Friends Cassie Springer and Julie Brown were on a hike in Utah when they first discussed creating a produce delivery business in the Sandwich area.
After thinking about the idea for a few months, in mid-December 2018, they went on another hike and realized they should make their idea a reality.
“We’re both moms with families and a household, and we know how difficult it can be to buy fresh, quality produce at an affordable price,” Springer said. “My husband and I are in the produce industry, and we own a transportation brokerage. We help produce get to where it’s sold, from the grower to the customer.”
“Cassie had just gotten a new job as a nurse, and I was looking for a job change, so it was perfect timing,” Brown said. “We had access to all of this great produce, and there’s a need for it in our area. We had the idea, and it grew from there.”
Grown Produce launched March 17 and delivers fresh produce to the Sandwich area, including the towns of Sandwich, Plano, Newark, Millington, Somonauk, Leland, Sheridan, Yorkville, Waterman, Hinckley and Millbrook.
“We chose this area, our area, because there are limited grocery store options,” Springer said. “I think it’s important to eat a whole food-based diet for health and well-being. There are not many options for healthy eating once you leave the Naperville area.”
Grown Produce receives its produce from the same farms as grocery stores, but instead of the produce traveling from field to warehouse, where it sits before being delivered to the store, it travels directly from the wholesaler to Grown Produce and is delivered straight to your home.
To order from Grown Produce, visit www.grownproduce.com. The website is mobile-friendly, so purchases can be made from cellphones. Purchases are one-time orders, not a subscription or a commitment plan.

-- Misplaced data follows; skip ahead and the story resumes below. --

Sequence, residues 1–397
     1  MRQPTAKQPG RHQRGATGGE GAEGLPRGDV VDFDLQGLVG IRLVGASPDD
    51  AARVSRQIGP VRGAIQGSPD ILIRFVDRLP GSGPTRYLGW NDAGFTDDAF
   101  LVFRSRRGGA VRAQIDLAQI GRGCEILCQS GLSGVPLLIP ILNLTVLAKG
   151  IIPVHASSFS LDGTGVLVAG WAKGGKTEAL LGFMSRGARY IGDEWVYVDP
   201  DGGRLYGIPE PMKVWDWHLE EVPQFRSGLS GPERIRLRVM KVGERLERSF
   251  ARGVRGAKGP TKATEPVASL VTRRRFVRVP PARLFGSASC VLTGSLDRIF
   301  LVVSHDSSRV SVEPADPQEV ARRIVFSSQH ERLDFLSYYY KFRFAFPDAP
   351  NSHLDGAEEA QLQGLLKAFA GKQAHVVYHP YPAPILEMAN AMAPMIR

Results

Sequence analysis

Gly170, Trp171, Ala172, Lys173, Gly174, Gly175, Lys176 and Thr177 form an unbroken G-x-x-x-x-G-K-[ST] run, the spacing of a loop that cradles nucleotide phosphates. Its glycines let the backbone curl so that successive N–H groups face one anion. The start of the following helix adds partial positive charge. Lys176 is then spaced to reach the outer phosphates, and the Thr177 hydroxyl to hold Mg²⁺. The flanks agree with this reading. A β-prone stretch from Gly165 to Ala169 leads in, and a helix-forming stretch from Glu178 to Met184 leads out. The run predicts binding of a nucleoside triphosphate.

Produce ranges from fruits such as apples, bananas, oranges, berries, grapes and peaches, to vegetables such as peppers, onions, asparagus, cauliflower, romaine lettuce and spinach, and even to herbs such as basil, ginger and parsley. Produce available for purchase changes weekly and seasonally, and there are some organic options.
“We can accommodate small orders or bulk orders, whatever they need,” Springer said. “We have pineapples, potatoes, tomatoes and everything in between. You can order only a few items one week and many the following week. You order the items you want and need when you want and need them.”
Orders include a $3.99 delivery fee. Produce purchased by 8 p.m. Tuesday will be delivered throughout the day that Thursday. Deliveries are made in a refrigerated van, nicknamed “Louise,” that is temperature controlled. Customers are asked to leave a cooler outside if they will not be home.
“We wanted the ordering process to be simple and easy,” Brown said. “You go online, click and order. It could not be easier. Then your produce is delivered to your front door a few days later.”
Springer and Brown said their future plans include reaching out to businesses and restaurants in the area, adding more organic items and possibly creating boxes, such as a summer barbecue box with sweet corn and items needed to make kabobs.
“We’re not looking to expand too much to other surrounding areas because there’s a need here,” Brown said. “I feel like they’ve forgotten about our area in the produce and food industry. We don’t have many choices. We want to help people in our community eat healthier and have an alternative, fresh, healthy option.”